Monday, January 22, 2007

Secure Speed Dating.

SAN LORENZO — Lisa Green of Livermore regularly comes to San Ramon's ShBoom Nightclub to dance.

"Usually, I have the whole dance floor to myself," she says.

But this Thursday night, the nightclub-restaurant is full of mingling singles mostly ages

35 to 55.

The 46-year-old bookkeeper and divorced mother of 24- and 26-year-old daughters came especially for the speed-dating singles party thrown by San Lorenzo-based Wing A Daters, held the second Thursday of every month.

The dance floor sparkled as 10 tables of men and women chatted off to the side, under posters of the Commodores, the Eagles, and Earth, Wind & Fire.

Matt Delima, Wing A Daters co-owner, calls for a speed-dating switch through the DJ's microphone.

"Don't make me come out there," he says.

For a $5 entry fee, the singles get to know each other for five to 10 minutes before moving on. Every participant also wins a prize, such as a restaurant gift certificate or a coupon to a day spa.

The party is one of many services offered by Wing A Daters, started in 2004 by San Lorenzo residents Delima, 28, and Justin Wong, 29, Cal State East Bay graduates and friends since middle school. Delima has a bachelor's degree in communication and Wong a master's in business.

In the two years since they started the business, it has grown and diversified into a one-stop shop for all types of dating styles. They started with "wingmen" and "wingwomen" — partners who, forone evening, coach a client in techniques on how to meet and break the ice with a stranger.

"It's a scary experience," Wong said. "It can blow someone's whole night. You will approach someone and wish you could have said something."

Ninety percent of the time, a wingwoman helps a guy out.

"Women are just more outgoing," Delima said. "They take more initiative."

The dynamic pair play to their strengths in running WingA Daters. Wong, who works full time in San Francisco in financial services, handles the operational side. He designs the changes on the Web site, maintains contracts and fields e-mails.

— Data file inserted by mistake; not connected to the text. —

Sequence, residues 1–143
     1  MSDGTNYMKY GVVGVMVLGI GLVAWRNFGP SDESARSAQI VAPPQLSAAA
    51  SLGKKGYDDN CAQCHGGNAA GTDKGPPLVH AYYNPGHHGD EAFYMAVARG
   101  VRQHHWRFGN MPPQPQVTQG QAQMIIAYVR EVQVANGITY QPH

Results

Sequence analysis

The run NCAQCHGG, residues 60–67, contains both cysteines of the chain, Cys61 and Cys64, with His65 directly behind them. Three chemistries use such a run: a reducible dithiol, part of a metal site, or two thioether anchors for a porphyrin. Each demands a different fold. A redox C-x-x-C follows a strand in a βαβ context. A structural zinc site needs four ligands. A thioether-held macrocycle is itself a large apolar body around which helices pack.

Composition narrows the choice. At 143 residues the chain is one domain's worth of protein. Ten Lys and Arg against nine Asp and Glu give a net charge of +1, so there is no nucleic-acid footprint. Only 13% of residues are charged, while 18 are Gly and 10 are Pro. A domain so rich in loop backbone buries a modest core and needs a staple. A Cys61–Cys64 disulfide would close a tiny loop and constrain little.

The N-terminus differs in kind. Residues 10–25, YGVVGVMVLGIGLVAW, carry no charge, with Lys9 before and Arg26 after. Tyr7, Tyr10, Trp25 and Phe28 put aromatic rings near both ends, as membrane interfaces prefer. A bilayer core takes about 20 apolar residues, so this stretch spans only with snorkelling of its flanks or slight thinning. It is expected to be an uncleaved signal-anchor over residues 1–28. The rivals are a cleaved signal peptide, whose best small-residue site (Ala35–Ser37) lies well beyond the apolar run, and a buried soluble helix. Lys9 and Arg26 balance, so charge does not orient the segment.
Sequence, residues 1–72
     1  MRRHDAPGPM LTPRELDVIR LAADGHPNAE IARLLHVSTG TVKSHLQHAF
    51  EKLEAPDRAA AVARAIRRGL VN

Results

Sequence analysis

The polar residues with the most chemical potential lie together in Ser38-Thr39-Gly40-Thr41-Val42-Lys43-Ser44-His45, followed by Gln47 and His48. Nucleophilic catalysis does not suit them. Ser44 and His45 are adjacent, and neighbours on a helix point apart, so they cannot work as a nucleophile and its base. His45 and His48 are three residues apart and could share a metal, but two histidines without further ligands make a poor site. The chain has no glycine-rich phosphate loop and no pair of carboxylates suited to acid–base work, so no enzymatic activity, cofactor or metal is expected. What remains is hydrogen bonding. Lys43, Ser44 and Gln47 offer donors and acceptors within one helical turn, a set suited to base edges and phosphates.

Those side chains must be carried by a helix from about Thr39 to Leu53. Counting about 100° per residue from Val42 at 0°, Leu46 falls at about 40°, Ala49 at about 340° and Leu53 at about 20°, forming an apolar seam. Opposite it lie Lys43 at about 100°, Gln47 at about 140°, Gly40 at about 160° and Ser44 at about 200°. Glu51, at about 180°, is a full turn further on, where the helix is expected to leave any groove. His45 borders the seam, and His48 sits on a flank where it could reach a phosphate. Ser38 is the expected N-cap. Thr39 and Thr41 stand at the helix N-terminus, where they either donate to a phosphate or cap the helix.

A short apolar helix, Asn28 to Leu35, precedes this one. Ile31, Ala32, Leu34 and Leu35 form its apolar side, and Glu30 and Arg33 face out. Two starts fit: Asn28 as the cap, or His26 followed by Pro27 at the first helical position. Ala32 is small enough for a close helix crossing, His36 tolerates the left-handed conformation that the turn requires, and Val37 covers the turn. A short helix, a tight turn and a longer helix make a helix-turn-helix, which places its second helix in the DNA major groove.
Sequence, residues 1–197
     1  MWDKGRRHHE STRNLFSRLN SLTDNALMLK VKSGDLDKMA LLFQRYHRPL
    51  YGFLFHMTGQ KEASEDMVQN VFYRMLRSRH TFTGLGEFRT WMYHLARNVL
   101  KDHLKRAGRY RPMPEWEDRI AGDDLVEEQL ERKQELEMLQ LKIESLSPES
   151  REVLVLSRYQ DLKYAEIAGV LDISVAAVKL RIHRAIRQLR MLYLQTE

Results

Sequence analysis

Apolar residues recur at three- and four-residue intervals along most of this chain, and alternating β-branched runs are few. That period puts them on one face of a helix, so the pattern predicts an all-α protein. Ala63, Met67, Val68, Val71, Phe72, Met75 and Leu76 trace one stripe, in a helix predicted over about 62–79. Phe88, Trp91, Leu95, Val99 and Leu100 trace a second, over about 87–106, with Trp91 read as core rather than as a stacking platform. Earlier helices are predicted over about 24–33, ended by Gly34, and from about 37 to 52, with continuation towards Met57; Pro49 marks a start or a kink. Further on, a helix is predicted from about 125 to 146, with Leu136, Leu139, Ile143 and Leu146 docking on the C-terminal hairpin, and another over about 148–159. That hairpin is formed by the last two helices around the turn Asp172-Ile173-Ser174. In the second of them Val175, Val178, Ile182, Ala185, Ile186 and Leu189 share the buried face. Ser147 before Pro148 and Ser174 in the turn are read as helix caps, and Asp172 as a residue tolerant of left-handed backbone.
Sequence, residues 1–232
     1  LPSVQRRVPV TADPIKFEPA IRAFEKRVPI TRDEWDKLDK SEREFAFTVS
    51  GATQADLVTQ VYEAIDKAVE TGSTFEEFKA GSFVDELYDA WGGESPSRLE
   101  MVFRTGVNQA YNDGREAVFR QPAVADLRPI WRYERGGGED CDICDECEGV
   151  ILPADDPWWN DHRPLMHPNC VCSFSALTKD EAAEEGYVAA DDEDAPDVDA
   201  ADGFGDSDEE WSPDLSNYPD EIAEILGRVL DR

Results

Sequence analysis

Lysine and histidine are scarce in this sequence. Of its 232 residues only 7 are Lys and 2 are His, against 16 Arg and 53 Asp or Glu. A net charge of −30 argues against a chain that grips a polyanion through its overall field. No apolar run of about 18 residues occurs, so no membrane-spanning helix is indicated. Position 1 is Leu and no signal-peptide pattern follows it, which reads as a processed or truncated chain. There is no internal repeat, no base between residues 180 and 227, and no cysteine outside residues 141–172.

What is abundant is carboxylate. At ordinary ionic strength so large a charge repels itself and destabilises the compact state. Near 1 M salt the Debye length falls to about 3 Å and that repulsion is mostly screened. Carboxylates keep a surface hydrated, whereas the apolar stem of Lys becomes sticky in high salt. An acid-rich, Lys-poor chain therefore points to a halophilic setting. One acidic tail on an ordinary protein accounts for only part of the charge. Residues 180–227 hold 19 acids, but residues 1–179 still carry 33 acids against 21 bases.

He also keeps a detailed database of more than 5,000 singles from information gathered at singles events.

After going through the dot-com boom and bust with corporate America, Wong added, "We'd rather work for ourselves."

Delima worked in ad sales for Clear Channel Radio, but stopped three months ago to devote himself full time to Wing A Daters, establishing business contacts and now also arranging blind dates.

Having tried several online dating services, Annemarie House, 38, was at ShBoom after going on a blind date two days earlier, set up by Delima.

"I have a list," the dance teacher said, when asked what she is looking for in a partner. "I'm thinking with a more personal touch; he (Delima) hasn't put me with someone that doesn't fit that. He listens to me."

House was married for 10 years and now raises two children on her own.

Almost pinching her fingers together, she added, "I don't have time to fool around."

Hopefuls fill out a 50-question dating profile and usually meet at a caf before they decide to go to dinner.

House's most recent date was with Tim Moreno, 50, who was also at Thursday's party and said they had exchanged phone numbers.

"It is very locally concentrated. Other services meet people far away," Moreno said, explaining what attracted him to Wing A Daters.

Divorced for 12 years, he only occasionally goes out to meet people.

"To meet people by chance at the grocery store, you have to take an aggressive approach," he said. "There's so many people in this area and I want to meet them. I'm going to have a good time meeting good, quality people."

Ben Esposo, a nightclub DJ for 20 years, kept the energy up at ShBoom with music from the 1970s to today.

"ShBoom is geared toward old-fashioned fun for grown-ups," he said. "This is good to get something fun happening in here on a weeknight, rather than wait until the weekend."

The club is affiliated with other hot spots in Pleasanton and San Francisco, which also are partnered with Wing A Daters.

In the past four months, Delima and Wong have sold 150 membership cards. At $50 each, the card pays for itself by getting singles free cover charges at clubs, as well as discounts at more than 25 local businesses.

"We've checked out each place and see that it has a friendly atmosphere," Delima said. "A lot of people were asking us, 'Where can I go?'"

These are dating-oriented businesses, such as low-key, family-owned restaurants with good food and an atmosphere quiet enough to talk, or salons where people can prepare for a date. The businesses are linked to the Wing A Daters Web site. Delima and Wong also help businesses without Web sites build one.

Loretta Brown, 48, of Livermore, came for the speed-dating after frustration with dishonesty in online groups.

"You have a one-on-one and you have eye contact and can figure out if you have chemistry," she said. "There are a lot of people our age looking for people. This is wonderful."

Wing A Daters parties usually draw about 200 singles. The service does not discriminate by age or sexual orientation, and plans to eventually throw a gay speed-dating party.

"Yeah, I'll set you up with a wingman," Delima said. "I'll hook anyone up."

Dirty Speed Dating